We went to my Mom's house for Thanksgiving dinner and arrived early to help her cook. O offered to make his new specialty, an appetizer made with corks and walnuts.
First, you scrub the nuts and corks.
Then you put them in a frying pan.
(Oh, and don't forget to wear your Mardi Gras necklaces)
Finally, sauté until crispy.
If you need to be in the kitchen for a period of time, I suggest giving your toddler some of the tools that resemble yours but that you will not need. We gave O these items and he was engaged for at least 30 minutes. He moved the nuts and corks back and forth between the silver mixing bowls, dumped them on the floor and then picked them back up again. When he seemed like he was losing interest, I handed him the frying pan and he continued on with the activity.
We spent the night at my Mom's and as we sleepily drank coffee and ate pie, O was busily preparing his next entree. (Complete with Mardi Gras beads again)
Since Thanksgiving O has shown a greater interest in the kitchen supplies that he has access too. He is constantly walking around the house with a silver mixing bowl and adding rocks and corks to it and stirring it up with a wooden spoon or whisk. He has a small sauce pan that was my Grandmothers that he fills up, stirs, mixes and dumps out.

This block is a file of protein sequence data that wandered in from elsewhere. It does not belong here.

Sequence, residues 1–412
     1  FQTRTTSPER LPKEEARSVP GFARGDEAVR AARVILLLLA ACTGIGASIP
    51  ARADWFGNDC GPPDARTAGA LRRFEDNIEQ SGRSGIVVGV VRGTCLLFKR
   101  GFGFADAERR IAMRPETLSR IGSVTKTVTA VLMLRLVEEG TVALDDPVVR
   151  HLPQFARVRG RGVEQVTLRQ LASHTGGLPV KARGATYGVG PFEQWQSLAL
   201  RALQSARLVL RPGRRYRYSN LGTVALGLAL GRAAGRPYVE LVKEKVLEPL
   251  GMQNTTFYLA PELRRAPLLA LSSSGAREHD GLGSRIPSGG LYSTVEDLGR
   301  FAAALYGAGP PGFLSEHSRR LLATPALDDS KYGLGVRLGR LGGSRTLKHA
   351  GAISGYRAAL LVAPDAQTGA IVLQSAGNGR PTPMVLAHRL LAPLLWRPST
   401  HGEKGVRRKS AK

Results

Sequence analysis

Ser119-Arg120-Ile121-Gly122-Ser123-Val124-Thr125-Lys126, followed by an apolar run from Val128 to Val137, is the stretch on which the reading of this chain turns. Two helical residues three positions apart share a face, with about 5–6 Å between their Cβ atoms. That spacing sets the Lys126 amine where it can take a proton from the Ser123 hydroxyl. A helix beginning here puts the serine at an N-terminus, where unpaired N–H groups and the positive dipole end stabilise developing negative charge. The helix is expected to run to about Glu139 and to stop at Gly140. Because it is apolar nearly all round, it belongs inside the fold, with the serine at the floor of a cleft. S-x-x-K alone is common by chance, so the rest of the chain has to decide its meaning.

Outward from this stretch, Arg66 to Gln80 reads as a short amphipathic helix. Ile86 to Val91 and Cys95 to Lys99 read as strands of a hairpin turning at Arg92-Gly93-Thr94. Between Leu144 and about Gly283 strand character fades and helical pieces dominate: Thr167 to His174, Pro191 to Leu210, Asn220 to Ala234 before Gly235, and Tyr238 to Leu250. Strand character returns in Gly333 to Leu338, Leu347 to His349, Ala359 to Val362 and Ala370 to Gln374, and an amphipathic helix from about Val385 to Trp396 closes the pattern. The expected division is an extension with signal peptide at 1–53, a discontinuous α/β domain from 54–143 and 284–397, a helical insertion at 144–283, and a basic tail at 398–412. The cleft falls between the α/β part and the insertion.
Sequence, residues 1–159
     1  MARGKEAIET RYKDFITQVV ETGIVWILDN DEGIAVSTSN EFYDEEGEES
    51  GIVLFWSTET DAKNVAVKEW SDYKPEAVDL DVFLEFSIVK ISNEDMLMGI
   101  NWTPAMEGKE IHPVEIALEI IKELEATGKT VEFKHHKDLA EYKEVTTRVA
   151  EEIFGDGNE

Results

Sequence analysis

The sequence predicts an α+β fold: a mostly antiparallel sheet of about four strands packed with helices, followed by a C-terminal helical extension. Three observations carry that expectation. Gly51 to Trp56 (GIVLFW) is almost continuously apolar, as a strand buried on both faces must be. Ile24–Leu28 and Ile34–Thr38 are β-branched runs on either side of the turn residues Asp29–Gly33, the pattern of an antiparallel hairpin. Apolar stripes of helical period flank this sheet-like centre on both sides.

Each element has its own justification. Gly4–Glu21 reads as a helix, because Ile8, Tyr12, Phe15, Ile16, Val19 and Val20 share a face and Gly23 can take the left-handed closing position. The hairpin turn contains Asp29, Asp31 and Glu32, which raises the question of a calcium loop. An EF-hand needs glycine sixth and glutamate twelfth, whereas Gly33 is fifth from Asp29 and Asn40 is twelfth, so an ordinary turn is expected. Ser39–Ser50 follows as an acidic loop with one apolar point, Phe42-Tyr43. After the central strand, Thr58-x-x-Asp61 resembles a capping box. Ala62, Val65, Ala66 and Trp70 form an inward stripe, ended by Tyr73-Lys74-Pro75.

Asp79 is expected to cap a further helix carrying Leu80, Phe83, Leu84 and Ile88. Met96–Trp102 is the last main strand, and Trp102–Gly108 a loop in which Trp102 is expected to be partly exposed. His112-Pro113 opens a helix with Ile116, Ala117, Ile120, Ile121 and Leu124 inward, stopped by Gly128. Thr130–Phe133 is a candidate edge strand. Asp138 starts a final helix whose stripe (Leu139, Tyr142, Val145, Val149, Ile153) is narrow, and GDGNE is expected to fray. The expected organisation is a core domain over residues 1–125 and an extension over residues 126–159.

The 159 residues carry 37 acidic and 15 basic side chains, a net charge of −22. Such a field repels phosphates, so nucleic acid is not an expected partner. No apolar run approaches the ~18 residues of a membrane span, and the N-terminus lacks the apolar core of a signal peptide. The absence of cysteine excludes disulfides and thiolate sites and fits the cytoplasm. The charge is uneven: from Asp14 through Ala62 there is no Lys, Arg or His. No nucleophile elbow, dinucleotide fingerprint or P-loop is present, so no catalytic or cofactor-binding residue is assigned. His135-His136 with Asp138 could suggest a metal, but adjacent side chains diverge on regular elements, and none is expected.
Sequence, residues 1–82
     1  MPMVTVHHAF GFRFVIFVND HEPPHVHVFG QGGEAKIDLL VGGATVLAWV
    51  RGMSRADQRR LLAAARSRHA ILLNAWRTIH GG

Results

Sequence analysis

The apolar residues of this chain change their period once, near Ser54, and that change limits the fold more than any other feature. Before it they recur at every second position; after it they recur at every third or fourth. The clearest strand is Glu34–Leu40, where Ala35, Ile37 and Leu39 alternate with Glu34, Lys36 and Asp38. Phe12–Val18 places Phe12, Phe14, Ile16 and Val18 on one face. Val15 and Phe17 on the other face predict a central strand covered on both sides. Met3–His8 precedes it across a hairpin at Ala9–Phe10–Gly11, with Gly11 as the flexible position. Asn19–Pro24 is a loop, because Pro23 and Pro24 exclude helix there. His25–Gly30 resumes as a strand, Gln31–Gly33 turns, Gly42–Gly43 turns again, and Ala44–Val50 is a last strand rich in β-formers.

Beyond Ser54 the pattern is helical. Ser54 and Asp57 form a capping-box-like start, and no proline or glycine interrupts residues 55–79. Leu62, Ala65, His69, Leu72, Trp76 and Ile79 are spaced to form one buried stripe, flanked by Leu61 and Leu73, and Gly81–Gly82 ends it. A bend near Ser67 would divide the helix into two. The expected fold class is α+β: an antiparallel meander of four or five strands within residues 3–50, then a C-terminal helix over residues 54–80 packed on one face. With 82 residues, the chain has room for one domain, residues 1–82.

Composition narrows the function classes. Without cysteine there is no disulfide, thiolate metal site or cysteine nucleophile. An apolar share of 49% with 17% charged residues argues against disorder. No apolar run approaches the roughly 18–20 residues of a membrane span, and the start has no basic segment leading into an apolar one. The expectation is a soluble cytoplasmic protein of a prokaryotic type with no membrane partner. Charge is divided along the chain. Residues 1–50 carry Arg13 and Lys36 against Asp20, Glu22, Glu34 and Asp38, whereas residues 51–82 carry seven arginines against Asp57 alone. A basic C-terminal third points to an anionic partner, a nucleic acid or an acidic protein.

If you have any extra cooking utensils, like wooden spoons, whisks, small pots, colanders or mixing bowls, put them out for your child to play with and see how they interact with them. Encourage them to cook you a meal or just to mix up some ingredients.
Engaging with these real materials, the ones that Mom and Dad use, have more meaning then the toy kitchen items. They respect the materials more because they understand they hold a greater value and also because they belong to you. It gives them the sense that they are participating in an activity that they see you doing and it makes them feel important and builds their confidence.
Allowing your child to work with these items at an early age will most likely result in an interest in cooking and participating in the kitchen. As your children gets older cooking includes many educational concepts in areas such as science and math.